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On January 8, 2011, Jared Lee Loughner, 22, shot U.S. Rep. Gabrielle Giffords (D-AZ) and 19 others at a “Congress in Your Corner” event at a Safeway supermarket in Tucson, Arizona. He killed six, including federal Judge John Roll, and wounded 14, including Giffords, who is shot in the head. Loughner has an extensive history of mental illness and substance abuse, yet is able to purchase two handguns and a high-capacity ammunition magazine legally at Sportsman’s Warehouse on November 30, 2010.

Words and Bullets

Bill C. Davis

Jared Loughner was like a piece of litmus paper - susceptible to the acidity and power of words as they swirl in a charged atmosphere - words that hang in the air and the air-waves. Certain psychologically compromised people move through the society like antennae and they hear, absorb and coil words into and around their pathology.

The shooting this past Saturday was a political act. The target was a member of congress. The fact she was a member of congress meant something to Jared Loughner. He didn't shoot his parents or a girlfriend or a teacher. Headlines and the law call this an assassination attempt, which means the state defines the act as not random.

One can argue that every assassination or political act of violent aggression comes from an unstable person. The nineteen hi-jackers could well be described as out of their minds - organized to be sure - but insane. How else can one categorize that behavior? The act was not dismissed as only madness - it has had conintuing political implications for the world. But each of them could be considered a Jared Loughner who, for whatever individual reasons, were susceptible to heightened rhetoric from unofficial, un-elected, self-appointed leaders.

Palin, Beck, Limbaugh, Hannity, O'Reilly, Savage and fill in the blanks - Yes - they are culpable. And what and how they broadcast is not comparable to what Kucinich, Nader, Barabara Lee, Howard Dean, Bernie Sanders, Rachel Maddow and fill in the blanks, broadcast. It is qualitatively different. Cheney is not Chopra. It IS different.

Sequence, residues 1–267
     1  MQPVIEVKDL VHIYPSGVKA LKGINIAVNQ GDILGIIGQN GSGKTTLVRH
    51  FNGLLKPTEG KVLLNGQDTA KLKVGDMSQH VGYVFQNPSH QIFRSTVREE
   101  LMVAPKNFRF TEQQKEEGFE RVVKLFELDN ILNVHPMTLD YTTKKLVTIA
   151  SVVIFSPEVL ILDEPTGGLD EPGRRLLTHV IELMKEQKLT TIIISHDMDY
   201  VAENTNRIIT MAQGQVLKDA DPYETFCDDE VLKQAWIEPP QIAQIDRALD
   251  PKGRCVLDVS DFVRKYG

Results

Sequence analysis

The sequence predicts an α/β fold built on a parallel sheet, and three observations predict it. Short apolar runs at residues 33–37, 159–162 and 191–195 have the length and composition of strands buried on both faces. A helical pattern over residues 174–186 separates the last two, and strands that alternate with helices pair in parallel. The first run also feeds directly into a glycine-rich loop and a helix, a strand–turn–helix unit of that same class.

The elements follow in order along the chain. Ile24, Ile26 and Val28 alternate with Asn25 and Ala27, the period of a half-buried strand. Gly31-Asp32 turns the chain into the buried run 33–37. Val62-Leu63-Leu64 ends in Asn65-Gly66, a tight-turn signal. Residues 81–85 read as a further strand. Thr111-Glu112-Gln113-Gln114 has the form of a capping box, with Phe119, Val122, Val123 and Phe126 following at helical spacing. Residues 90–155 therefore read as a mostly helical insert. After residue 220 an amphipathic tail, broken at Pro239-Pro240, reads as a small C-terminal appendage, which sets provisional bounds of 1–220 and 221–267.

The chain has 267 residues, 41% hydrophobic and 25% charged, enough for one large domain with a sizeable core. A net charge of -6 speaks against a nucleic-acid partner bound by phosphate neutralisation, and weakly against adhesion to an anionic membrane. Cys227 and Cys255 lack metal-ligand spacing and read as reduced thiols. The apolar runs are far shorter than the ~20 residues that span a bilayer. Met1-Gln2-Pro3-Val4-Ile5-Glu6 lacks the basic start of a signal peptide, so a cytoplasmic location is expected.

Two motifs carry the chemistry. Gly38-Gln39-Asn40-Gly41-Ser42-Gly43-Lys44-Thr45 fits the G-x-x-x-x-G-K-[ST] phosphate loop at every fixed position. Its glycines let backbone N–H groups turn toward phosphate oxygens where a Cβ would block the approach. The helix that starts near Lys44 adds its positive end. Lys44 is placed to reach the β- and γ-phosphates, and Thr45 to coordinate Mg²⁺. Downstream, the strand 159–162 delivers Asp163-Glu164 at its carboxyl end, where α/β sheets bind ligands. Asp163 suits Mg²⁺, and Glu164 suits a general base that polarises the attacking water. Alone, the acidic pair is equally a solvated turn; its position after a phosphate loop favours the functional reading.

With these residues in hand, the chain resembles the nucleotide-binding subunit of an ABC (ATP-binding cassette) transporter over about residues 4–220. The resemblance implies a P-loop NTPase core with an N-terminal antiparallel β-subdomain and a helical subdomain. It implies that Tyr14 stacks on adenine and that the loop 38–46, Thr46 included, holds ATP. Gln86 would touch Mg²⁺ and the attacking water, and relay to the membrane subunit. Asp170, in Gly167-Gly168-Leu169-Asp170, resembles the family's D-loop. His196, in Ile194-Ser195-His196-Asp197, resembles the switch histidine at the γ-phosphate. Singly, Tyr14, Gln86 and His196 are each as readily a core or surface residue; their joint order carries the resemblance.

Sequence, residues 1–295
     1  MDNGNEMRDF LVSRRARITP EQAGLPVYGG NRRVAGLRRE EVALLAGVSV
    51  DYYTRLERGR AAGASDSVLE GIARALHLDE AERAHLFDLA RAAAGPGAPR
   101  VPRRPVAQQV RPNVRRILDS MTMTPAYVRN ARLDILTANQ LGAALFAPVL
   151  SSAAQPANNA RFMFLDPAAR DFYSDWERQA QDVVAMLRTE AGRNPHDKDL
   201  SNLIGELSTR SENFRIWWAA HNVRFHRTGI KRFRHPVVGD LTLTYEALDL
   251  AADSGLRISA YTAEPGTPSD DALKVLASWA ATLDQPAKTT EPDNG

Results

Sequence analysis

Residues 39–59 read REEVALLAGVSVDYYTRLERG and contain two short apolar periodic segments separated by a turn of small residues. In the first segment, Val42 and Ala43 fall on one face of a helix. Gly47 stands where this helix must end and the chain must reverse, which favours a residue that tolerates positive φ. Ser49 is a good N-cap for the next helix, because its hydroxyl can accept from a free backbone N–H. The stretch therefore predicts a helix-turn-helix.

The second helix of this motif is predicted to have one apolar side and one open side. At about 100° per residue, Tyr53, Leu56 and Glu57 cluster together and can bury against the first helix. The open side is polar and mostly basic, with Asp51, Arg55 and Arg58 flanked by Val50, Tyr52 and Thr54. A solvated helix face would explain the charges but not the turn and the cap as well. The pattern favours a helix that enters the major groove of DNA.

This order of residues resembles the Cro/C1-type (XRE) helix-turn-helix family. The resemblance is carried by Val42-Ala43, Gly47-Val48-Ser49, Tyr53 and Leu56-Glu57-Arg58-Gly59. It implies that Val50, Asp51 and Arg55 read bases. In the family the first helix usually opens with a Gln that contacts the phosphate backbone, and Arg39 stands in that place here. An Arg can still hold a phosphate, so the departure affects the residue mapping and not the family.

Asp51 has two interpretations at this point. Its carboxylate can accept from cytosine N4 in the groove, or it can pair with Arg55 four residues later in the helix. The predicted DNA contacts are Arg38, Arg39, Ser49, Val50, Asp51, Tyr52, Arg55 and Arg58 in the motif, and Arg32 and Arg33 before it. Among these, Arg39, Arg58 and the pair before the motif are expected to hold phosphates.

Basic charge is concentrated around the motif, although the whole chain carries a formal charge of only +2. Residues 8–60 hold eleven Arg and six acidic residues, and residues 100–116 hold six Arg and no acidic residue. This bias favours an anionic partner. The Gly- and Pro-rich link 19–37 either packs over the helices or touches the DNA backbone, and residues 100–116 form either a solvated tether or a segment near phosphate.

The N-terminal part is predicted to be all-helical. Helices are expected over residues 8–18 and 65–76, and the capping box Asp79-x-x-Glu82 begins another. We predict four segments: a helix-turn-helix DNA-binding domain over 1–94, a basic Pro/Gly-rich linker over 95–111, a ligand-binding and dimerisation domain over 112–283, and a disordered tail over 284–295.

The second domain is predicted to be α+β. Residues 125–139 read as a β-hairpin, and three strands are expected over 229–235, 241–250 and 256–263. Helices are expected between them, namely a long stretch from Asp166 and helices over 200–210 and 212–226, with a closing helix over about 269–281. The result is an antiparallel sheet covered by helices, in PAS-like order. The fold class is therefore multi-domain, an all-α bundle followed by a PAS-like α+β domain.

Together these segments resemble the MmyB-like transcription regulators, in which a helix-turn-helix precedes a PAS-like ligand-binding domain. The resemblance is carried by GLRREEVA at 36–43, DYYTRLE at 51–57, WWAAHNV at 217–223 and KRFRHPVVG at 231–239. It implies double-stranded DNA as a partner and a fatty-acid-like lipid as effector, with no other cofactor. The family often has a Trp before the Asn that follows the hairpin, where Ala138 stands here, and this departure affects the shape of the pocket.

As they all run for cover with further agitated rhetoric, there is no denying that Saturday was a three-dimensional manifestation of an energy. Words, like bullets, can enter the brain and lodge in the subconscious - a healthy or unhealthy subconscious. Interestingly and mercifully for the intended victim, the bullet meant for her passed through her brain.

But she was in the crosshairs. There's a powerful word - and for someone who lived in his subconscious - who confabulated signals into a mission - one can only imagine or deduce how much that and other words from the aforementioned posse found their way into Jared Loughner's design for justice and satisfaction.

If he is only mad - then skip the trial now and institutionalize him forever. Don't bother to call what he did evil - just call it sick and be done with it. But if there is a presumption of culpability on his part, his thinking process is available to be scrutinized. The things he wrote and posted on the internet for all of us to read, are allowed to be compared to similar rhetoric from people who are actually paid to post and broadcast their bullet points.

He is a 22 year old member of this society - born and raised here - educated in this educational system - attempted to join the military - wrote poetry - and seemingly obssessed with words and their stealth ability to move him in a direction that he thought he was resisting. We have a right and obligation to cross examine the words that did find their way into his compromised engine of thought - and which of those words became bullets that were broadcast in the front of a Safeway in the West.


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Bill C. Davis

Bill C. Davis

Bill C. Davis was a playwright, writer, actor, and political activist.  He has been a contributor to Common Dreams since 2001. Bill died on February 26, 2021, at age 69, after a battle with COVID-19. Bill's Broadway debut — “Mass Appeal,” earned two Tony nominations and became a staple of community theater. Bill wrote the screenplay for the 1984 film adaptation of "Mass Appeal," starring Jack Lemmon and Zeljko Ivanek. 

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